Whether driven by the increasing complexity of accounting standards, the dynamic regulatory environment or changing business activities, companies are facing an increased risk of financial reporting restatements. Companies undergoing a restatement quickly realize that resolving the accounting complexity is only the first step in the process. The complexity of managing expectations and communicating with various stakeholders including the Board of Directors, auditors, regulators, shareholders and others can prove to be challenging and time consuming.

When working through a restatement, management is challenged to react quickly to problem areas they may or may not be prepared to handle while continuing to perform their "day-to-day" responsibilities. Often the trigger to a restatement is only the tip of the iceberg and companies may quickly find themselves facing potential delinquency on current reporting requirements while trying to detect and correct past errors.

Impacts to companies:

  • Restatements can be drawn out and expensive processes and may require management to communicate with many different stakeholders including the Board of Directors, auditors, regulators and shareholders;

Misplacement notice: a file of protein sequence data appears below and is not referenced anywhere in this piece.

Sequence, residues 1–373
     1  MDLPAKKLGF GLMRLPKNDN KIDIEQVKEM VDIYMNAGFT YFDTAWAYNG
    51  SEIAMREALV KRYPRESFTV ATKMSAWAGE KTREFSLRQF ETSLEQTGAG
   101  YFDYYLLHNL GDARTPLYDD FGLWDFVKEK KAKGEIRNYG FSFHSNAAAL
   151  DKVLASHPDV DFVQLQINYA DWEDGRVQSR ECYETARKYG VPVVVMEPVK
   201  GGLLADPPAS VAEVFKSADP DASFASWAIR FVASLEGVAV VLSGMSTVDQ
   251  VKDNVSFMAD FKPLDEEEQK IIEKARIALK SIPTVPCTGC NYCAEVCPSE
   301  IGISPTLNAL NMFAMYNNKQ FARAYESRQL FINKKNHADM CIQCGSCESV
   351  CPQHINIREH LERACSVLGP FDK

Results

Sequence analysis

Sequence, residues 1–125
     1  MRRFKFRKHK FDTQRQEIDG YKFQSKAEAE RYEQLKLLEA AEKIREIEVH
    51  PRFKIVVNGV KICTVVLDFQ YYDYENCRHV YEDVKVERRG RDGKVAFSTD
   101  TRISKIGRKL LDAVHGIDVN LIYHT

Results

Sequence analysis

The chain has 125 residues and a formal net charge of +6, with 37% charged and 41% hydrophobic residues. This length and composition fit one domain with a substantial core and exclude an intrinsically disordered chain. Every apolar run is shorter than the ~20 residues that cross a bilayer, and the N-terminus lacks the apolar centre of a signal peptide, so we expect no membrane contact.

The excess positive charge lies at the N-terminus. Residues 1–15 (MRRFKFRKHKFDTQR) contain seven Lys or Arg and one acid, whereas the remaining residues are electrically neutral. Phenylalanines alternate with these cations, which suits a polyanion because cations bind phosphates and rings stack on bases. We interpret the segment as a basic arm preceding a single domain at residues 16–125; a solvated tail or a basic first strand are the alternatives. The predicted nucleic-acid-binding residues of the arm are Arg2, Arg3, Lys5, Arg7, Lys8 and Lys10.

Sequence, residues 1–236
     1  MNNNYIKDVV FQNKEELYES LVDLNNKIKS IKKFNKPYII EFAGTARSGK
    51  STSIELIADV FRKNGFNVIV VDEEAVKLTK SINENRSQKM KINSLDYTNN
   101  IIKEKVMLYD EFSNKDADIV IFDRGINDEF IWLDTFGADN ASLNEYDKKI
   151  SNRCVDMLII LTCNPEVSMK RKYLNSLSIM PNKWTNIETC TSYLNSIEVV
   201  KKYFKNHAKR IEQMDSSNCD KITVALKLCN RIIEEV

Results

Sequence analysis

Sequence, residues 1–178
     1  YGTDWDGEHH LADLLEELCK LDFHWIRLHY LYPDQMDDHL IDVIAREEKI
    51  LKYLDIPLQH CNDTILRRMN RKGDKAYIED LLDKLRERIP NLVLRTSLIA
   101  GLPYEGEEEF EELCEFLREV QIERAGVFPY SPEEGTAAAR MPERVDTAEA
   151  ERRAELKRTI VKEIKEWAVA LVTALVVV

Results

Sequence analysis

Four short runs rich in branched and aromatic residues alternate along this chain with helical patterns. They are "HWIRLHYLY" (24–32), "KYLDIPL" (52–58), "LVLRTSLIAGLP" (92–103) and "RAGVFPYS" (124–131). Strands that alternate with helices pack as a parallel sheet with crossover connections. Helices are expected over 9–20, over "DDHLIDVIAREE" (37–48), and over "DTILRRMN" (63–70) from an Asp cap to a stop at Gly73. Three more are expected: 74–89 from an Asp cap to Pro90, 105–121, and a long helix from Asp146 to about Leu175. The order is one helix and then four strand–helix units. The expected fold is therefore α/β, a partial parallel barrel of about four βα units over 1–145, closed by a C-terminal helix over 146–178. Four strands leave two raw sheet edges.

• Working with auditors through the restatement process can prove challenging and complex;
  • Management continues to be responsible for their "day-to-day" responsibilities focusing on present and future issues, while also distracted with reassessment of accounting/reporting in prior years;
  • Management may not have deep in-house technical resources in certain areas of accounting (e.g. derivatives, hedging and consolidation, etc.).

What companies should do:
To the extent restatement or similar issues arise, consider involving an experienced adviser, such as PwC to provide:

  • Experience in complex, multi-year restatement advice and support, including project administration.
  • Technical expertise in complex areas prone to restatement such as revenue recognition, liabilities/contingencies/reserves, equity awards, financial instruments, acquisitions, income taxes, leases and financial statement classification.
  • Expertise in SEC and other regulatory reporting requirements (eg. 10-K/A, 8-K, 12b-25).
  • Thorough understanding of different stakeholder's expectations and how to navigate effectively through sensitive discussions.
  • Integrated skill sets to support valuation, tax, actuarial, training, accounting policies and other needs, and to provide solutions that fit client-specific needs.